Also, please keep in mind that the bigger the convention, often the bigger the markup in prices, but the more likely you are to find the items you’re searching for.  


Twin Famicoms are great because you can play cartridge Famicom and Disc System games.

If you would like to know more about Jeneko, make sure to go to her Facebook page, Jeneko in Japan!

That’s all we have to share with you guys today. Are there any other important tips that we forgot? Let us know in the comments below!

one comment
  1. In my home island Hawaii, there was a shop called “Toys N Joys”, where they sale international hobby products, but mostly Japanese stuffs. Anime figures, DVDs, anime sword replicas and military BB gun rifles, and definitely Japanese video games from used to new. I usually go there to look for used and new Japanese games, which the used ones were mostly Yugi-oh games which was irritating. I also sold some of the games there too. But sadly, after the owner got retired, the store has closed down business, so it was impossible to buy new games nor selling them out. At least there’s Book Off in Hawaii too, but its not like Japan since the items that can sell were limited to their policies, which was complicated. And there weren’t much used Japanese games there too, so only place I could rely was instead. Ebay can be reliable but there are some sellers who can be criminals who’ll just steal money from you and won’t send the product as it was fraud. I been victimized by it one time, and called the officials to do something, but declined because they couldn’t find the seller as it’s account was deleted…so I hardly use Ebay anymore, as is a lot more trustworthy instead. While I’m in Japan, I usually go to Book Off, Mandarake, and some shops at Akihabara. The prices are reliable so I really like it.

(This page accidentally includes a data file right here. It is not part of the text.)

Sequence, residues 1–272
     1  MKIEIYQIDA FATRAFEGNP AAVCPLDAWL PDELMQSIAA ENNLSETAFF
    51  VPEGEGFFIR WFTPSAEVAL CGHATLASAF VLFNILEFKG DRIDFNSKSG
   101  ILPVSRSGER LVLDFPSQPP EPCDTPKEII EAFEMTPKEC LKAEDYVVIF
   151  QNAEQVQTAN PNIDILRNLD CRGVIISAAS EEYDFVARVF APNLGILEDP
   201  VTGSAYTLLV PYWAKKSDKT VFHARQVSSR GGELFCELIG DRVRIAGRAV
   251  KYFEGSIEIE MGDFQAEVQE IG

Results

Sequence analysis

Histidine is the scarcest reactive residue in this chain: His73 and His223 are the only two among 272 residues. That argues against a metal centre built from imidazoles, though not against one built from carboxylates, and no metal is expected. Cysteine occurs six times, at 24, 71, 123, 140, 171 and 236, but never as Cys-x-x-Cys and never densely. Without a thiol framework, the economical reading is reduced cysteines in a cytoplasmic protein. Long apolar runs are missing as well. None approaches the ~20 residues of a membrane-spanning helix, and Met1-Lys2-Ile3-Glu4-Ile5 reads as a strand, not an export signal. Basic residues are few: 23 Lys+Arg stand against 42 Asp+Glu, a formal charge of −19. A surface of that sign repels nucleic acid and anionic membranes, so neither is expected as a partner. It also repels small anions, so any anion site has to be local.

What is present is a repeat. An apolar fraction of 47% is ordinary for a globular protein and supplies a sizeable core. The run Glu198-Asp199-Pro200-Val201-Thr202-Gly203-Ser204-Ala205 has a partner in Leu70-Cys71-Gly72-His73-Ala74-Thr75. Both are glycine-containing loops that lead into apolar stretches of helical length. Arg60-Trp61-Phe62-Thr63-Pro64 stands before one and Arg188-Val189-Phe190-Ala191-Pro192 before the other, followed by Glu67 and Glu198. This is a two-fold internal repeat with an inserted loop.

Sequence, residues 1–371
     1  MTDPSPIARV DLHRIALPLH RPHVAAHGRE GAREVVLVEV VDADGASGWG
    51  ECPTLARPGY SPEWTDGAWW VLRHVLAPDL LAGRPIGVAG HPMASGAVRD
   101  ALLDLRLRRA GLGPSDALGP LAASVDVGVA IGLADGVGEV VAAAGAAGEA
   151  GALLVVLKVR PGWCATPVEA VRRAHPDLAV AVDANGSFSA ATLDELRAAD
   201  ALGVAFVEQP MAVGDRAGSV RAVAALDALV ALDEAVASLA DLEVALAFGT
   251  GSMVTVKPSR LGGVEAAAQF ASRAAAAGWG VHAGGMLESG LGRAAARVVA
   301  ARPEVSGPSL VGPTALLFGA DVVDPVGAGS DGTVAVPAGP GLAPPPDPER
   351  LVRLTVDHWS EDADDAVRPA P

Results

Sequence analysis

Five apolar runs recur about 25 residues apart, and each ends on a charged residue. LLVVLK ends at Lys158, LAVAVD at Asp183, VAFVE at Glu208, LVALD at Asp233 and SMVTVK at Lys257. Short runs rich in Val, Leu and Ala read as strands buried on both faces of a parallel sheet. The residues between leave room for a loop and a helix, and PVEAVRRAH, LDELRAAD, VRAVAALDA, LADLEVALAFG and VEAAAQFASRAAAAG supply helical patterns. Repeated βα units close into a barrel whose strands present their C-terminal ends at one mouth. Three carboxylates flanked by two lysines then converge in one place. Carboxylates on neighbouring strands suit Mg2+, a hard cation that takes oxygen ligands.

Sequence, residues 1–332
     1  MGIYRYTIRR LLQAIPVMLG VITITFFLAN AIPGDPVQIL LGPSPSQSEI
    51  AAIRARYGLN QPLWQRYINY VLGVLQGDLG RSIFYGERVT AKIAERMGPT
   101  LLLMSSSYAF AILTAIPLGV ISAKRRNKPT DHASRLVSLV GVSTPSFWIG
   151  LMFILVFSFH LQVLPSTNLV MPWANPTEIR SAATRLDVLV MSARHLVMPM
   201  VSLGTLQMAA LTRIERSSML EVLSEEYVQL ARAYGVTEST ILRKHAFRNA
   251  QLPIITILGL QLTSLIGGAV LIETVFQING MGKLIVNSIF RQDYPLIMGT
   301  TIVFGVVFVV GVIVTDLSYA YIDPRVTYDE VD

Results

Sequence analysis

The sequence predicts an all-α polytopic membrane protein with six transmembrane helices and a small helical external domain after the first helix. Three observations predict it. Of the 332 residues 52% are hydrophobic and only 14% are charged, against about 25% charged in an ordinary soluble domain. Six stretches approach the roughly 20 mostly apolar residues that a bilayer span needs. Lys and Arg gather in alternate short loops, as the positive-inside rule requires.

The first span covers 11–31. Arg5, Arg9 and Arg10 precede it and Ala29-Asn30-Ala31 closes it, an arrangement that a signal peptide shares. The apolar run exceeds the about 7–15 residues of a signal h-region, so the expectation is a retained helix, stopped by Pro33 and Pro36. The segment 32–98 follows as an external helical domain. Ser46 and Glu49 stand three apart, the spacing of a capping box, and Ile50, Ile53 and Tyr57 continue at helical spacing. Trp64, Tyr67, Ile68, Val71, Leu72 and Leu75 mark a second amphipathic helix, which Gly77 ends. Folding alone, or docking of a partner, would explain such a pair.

zoniken on November 18 |